A Dangerous Goods Safety Advisor (DGSA) is a consultant or an owner or employee of an organization appointed by an organization that transports, loads, or unloads dangerous goods in the European Union and other countries. This include 48 countries : Albania, Andorra, Austria, Azerbaijan, Belarus, Belgium, Bosnia and Herzegovina, Bulgaria, Croatia, Cyprus, Czech Republic, Denmark, Estonia, Finland, France, Germany, Greece, Hungary, Iceland, Ireland, Italy, Kazakhstan, Latvia, Liechtenstein, Lithuania, Luxembourg, Macedonia, Malta, Montenegro, Morocco, Netherlands, Norway, Poland, Portugal, The Republic of Moldova, Romania, Russia, Serbia, Slovakia, Slovenia, Spain, Sweden, Switzerland, Tajikistan, Tunisia, Turkey, Ukraine, United Kingdom.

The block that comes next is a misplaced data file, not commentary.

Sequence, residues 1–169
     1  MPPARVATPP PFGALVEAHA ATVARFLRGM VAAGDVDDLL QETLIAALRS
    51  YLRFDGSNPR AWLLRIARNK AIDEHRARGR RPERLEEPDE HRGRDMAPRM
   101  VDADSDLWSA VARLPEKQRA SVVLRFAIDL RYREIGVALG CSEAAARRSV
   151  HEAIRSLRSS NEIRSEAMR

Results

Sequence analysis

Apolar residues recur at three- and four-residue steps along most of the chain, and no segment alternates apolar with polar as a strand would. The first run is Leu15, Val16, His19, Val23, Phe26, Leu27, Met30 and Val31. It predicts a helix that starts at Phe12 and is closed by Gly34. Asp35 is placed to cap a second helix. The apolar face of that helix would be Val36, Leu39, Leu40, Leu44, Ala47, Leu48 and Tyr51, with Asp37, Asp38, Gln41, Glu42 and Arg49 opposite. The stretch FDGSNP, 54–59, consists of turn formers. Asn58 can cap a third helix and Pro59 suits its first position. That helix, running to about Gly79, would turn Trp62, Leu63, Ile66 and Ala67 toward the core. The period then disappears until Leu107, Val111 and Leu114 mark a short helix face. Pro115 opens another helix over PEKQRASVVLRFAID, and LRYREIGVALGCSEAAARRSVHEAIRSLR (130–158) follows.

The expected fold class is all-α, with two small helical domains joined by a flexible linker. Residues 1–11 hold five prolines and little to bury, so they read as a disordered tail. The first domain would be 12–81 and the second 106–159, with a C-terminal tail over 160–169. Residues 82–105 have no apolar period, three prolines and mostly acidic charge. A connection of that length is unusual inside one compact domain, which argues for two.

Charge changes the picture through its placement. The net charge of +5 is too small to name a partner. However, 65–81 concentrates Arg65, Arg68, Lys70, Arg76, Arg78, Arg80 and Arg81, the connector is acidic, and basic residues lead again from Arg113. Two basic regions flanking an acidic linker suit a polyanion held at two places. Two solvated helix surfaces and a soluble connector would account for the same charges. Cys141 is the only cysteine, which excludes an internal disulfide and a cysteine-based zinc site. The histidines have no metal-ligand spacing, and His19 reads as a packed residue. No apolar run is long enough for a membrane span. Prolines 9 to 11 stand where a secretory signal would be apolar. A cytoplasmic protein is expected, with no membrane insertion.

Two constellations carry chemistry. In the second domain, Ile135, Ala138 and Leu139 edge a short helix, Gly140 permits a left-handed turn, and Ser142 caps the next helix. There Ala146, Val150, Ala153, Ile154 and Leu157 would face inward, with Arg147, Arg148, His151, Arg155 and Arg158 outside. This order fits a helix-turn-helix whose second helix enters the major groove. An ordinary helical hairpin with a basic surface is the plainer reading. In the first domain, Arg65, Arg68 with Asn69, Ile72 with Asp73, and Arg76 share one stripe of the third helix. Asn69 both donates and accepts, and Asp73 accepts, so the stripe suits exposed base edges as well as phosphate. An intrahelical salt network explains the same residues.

The rules involving the transport of dangerous goods are complex and each mode of transport, i.e. road, rail or inland waterway, has its own set of regulations. There are also separate sets of regulations for sea and air transportation. For many elements of transportation the regulations from each mode are similar or identical. All the various sets of regulations are based upon “Recommendations on the transport of Dangerous Goods – Model Regulations”, known as “The Orange Book,” issued by the United Nations Committee of Experts on the Transportation of Dangerous Goods and the Globally Harmonized System of Classification and Labeling.
The duties of the DGSA include providing advice to the appointing organization, preparing accident reports, monitoring the activities of the organisation which involve dangerous goods and preparing an annual report.
To become a DGSA, it is usual for a candidate to be trained by a specialist training organization, then to sit various examinations. The qualification lasts five years. The examining body in the UK is the Scottish Qualifications Authority.
- ^“UK Department for Transport page on Dangerous Goods Safety Advisors”. Archived from the original on 2008-02-09. Retrieved 2008-01-23.